How to rebalance every month based on a 10 months simple moving average rule ?

Hi, I'm just getting started on quantopian.
I would like to test a simple strategy based on a monthly timeframe :

At the beginning of each month :
• If the SPY is >= to it's 10 months simple moving average we buy it.

• Else we exit all of our positions

I don't manage to get the monthly SMA(10) to test it...
How can I manage this ?

Thank you

4 responses

Here is a sample algorithm which does something close to what you are asking. See if it makes sense.

Good luck!

26
Total Returns
--
Alpha
--
Beta
--
Sharpe
--
Sortino
--
Max Drawdown
--
Benchmark Returns
--
Volatility
--
 Returns 1 Month 3 Month 6 Month 12 Month
 Alpha 1 Month 3 Month 6 Month 12 Month
 Beta 1 Month 3 Month 6 Month 12 Month
 Sharpe 1 Month 3 Month 6 Month 12 Month
 Sortino 1 Month 3 Month 6 Month 12 Month
 Volatility 1 Month 3 Month 6 Month 12 Month
 Max Drawdown 1 Month 3 Month 6 Month 12 Month
'''
Simple algorithm to trade a fixed set of stocks based upon certain rules.
The data is defined in the pipeline definition.
The selection logic is performed in the code.
'''

# The following imports need to included when using Pipeline
from quantopian.algorithm import attach_pipeline, pipeline_output
from quantopian.pipeline import Pipeline

# Import all the built in Quantopian filters and factors (just in case)
import quantopian.pipeline.filters as Filters
import quantopian.pipeline.factors as Factors

# Import Pandas and Numpy (just in case we want to use their functionality)
import pandas as pd
import numpy as np

# Import any specialiazed packages here (eg scipy.optimize or scipy.stats)
pass

# Import any needed datasets
from quantopian.pipeline.data.builtin import USEquityPricing

# Set any 'constants' you will be using
# A list of securities and equally weight each one
MY_STOCKS = symbols('SPY')
WEIGHT = 1.0 / len(MY_STOCKS)

def initialize(context):
"""
Called once at the start of the algorithm.
"""

# Set commission model or omit and the default Q models will be used

# Attach the pipeline defined in my_pipe so we have data to use
attach_pipeline(pipe_definition(context), name='my_data')

# Schedule when to trade.Here it's the beginning of each month.

# Schedule when to record any tracking data
schedule_function(record_vars, date_rules.every_day(), time_rules.market_close())

def pipe_definition(context):
'''
Here is where the pipline definition is set.
Specifically it defines which collumns appear in the resulting dataframe.
Think of its defining a big spreadsheet (really a dataframe) of data.
Don't think of the pipeline as doing any logic. That's later in the algo.
'''

# Create a universe filter which defines our baseline set of securities
# If no filter is used then ALL assets in the Q database will potentially be returned
# This is not what one typically wants because
#    1) it includes a mix of ETFs and stocks
#    2) it includes very low liquid and 'penny' stocks
#
# This filter can also be used as a mask in factors to potentially speed up some calcs
# Just want a single stock though so use the StaticAssets filter
universe = Filters.StaticAssets(MY_STOCKS)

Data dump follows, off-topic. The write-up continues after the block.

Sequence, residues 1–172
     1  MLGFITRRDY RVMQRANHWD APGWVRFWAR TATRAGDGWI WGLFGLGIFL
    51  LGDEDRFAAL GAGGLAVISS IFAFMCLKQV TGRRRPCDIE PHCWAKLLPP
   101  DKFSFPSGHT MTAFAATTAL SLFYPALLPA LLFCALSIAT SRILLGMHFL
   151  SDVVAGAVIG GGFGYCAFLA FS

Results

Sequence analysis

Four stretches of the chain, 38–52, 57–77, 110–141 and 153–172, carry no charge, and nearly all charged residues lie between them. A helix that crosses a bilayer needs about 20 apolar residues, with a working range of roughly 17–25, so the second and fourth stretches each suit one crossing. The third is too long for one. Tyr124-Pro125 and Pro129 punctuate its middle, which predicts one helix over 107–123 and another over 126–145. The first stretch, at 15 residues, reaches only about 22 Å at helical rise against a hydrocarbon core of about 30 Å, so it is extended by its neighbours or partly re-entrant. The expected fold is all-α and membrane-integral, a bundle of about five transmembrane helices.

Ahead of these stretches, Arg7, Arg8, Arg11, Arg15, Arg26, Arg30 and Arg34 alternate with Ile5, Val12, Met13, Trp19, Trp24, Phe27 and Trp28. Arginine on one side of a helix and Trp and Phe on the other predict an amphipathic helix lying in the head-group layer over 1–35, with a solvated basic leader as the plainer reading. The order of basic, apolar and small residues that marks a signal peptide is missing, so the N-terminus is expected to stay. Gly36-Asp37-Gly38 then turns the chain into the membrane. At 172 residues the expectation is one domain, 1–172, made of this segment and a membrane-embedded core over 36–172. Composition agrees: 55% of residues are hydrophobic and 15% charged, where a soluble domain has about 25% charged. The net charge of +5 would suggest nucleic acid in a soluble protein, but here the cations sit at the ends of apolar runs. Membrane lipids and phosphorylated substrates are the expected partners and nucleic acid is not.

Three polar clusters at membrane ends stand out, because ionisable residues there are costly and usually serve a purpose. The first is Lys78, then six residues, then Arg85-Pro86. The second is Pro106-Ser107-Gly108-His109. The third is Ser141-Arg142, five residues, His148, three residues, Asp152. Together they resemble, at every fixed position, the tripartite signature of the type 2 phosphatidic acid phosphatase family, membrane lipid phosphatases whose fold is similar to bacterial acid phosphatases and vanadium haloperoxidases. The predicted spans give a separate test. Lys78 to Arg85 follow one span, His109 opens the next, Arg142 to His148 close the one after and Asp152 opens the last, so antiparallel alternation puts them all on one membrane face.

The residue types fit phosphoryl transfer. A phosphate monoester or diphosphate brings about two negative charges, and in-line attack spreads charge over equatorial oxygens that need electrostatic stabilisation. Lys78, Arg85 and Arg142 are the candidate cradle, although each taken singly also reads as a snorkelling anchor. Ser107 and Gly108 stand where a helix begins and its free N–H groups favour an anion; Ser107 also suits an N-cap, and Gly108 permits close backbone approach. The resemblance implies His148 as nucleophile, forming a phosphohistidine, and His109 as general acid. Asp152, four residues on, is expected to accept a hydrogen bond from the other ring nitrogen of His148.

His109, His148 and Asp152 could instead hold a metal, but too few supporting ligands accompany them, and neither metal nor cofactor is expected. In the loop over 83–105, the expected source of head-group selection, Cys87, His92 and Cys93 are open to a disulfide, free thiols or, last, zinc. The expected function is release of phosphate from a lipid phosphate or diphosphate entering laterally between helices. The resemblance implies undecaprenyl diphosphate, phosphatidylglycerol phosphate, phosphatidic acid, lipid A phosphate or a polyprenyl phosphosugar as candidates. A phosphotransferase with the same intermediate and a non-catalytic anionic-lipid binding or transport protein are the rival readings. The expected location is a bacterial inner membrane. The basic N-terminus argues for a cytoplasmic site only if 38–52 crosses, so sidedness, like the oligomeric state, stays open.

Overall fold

# Create any basic data factors that your logic will use.
# This is done by simply using the 'latest' method on a datacolumn object.
# Just ensure the dataset is imported first.
close_price = USEquityPricing.close.latest

# Create any built in factors you want to use (in this case Returns).
# Hre we want the SMA over 10 months. Thi sis about 10 x 20 days/mo = 200 days.

# Create any built in filters you want to use.
pass

# Create any filters based upon factors defined above.
# These are easily made with the built in methods such as '.top' etc applied to a factor
pass

# Define the columns and any screen which we want our pipeline to return
# This becomes the data that our algorithm will use to make trading decisions
return Pipeline(
columns = {
'close_price' : close_price,
'sma_200' : sma_200,
},
screen = universe,
)

'''
Run pipeline_output to get the latest data for each security.
The data is returned in a 2D pandas dataframe. Rows are the security objects.
Columns are what was defined in the pipeline definition.
'''

# Get a dataframe of our pipe data. Placed in the context object so it's available
# to other functions and methods (quasi global)
context.output = pipeline_output('my_data')

'''
This is a scheduled function to execute all buys and sells
'''
# Note that no logic was done in the pipeline. Just fetched the data.
# Here is where you can filter, sort, and do whatever you want with that data.
# Anything that could have been done in pipeline can be done with the
# dataframe that it returns. Use the pandas methods on context.output.

open_these = context.output.query('close_price >= sma_200').index.tolist()
for stock in open_these:
order_target_percent(stock, WEIGHT)

close_these = context.output.query('close_price < sma_200').index.tolist()
for stock in close_these:
order_target_percent(stock, 0)

def record_vars(context, data):
"""
Plot variables at the end of each day.
"""

# Record the number of positions held each day
record(leverage=context.account.leverage,
positions=len(context.portfolio.positions))
There was a runtime error.

Thank you very much Dan.
So we must use a daily timeframe ?
We cannot change the timeframe to another basis like weekly or monthly ?

olivier,

You may get any time frame from Quantopian data.history() using .resample()

def initialize(context):

#---------------------------------------------
stock, TimeFrame, ma = symbol('SPY'), '1M', 10
#---------------------------------------------
bars = ma*21
if get_open_orders(): return

curr_price = data.current(stock, 'price')
daily_prices = data.history(stock, 'price',  bars, '1d')
monthly_prices = daily_prices.resample(TimeFrame).last()
print monthly_prices
mavg = monthly_prices.mean()